Despite the awards, Let The Great World Spin provoked a mixed response from readers and I am sure Transatlantic will as well. On the one hand, McCann likes the “grand” — a grand city in the former case, grand global events in this one. But his real passion in both books is ordinary people and the way they form part of that “grand” scheme — if that scheme represents the impressive oak tree towering above the ground (more than 150 years old in this novel), those characters are part of the essential ball of roots that sustains and grows it.

    Some readers (that includes me) take to that approach while others find it frustrating. For me, McCann’s characters — both the grand and not-so-grand ones — are multi-dimensional, their stories both comprehensive and interesting. And I fully support the concept that the tallest, broadest tree needs roots that we don’t ordinarily see but should appreciate. There may be a bookcase full of previous Irish/North American novels but space deserves to be made for this one as well.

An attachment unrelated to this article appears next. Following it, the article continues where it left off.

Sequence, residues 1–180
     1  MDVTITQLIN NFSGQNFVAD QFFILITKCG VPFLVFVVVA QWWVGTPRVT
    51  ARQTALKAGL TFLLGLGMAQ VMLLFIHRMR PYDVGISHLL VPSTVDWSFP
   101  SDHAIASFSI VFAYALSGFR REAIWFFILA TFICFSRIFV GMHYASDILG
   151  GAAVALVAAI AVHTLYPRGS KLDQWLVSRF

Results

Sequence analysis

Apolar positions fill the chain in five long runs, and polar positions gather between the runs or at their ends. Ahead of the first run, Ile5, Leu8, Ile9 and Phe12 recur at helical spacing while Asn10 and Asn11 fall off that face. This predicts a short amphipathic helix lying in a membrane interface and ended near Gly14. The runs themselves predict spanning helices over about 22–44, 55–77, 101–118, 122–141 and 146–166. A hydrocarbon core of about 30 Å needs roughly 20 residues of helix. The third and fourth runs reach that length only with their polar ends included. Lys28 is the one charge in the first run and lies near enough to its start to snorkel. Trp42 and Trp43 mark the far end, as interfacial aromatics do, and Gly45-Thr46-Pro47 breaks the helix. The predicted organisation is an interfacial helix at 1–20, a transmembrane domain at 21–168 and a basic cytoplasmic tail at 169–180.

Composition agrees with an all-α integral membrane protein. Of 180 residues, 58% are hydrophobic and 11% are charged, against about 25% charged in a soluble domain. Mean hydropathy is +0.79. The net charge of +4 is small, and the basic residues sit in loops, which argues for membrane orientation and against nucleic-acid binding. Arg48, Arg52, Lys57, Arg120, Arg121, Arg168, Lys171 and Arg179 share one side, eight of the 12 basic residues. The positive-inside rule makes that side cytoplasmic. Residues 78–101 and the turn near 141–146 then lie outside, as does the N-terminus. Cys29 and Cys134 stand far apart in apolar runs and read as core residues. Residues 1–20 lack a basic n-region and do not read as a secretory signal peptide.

14 Responses to “TransAtlantic, by Colum McCann”

    1. Kerry Says:

      I find it difficult to describe exactly what it was about McCann’s last that prevented us getting along, but your description of this one suggests to me that it likely wouldn’t be a favorite either. I think it has partly to do with how he connects ordinary people to the grand events. For some reason, novels best described that way leave me a little cold. (For some reason, E. L. Doctorow’s The March comes to mind, as excellent as that book is.) My reaction is most assuredly about me, not McCann. I think there is something about his style that doesn’t excite me either, the formality creeps even into the section that bends toward stream-of-consciousness.

      I had planned to take a pass on this and you’ve confirmed that makes sense for me.


      • KevinfromCanada Says: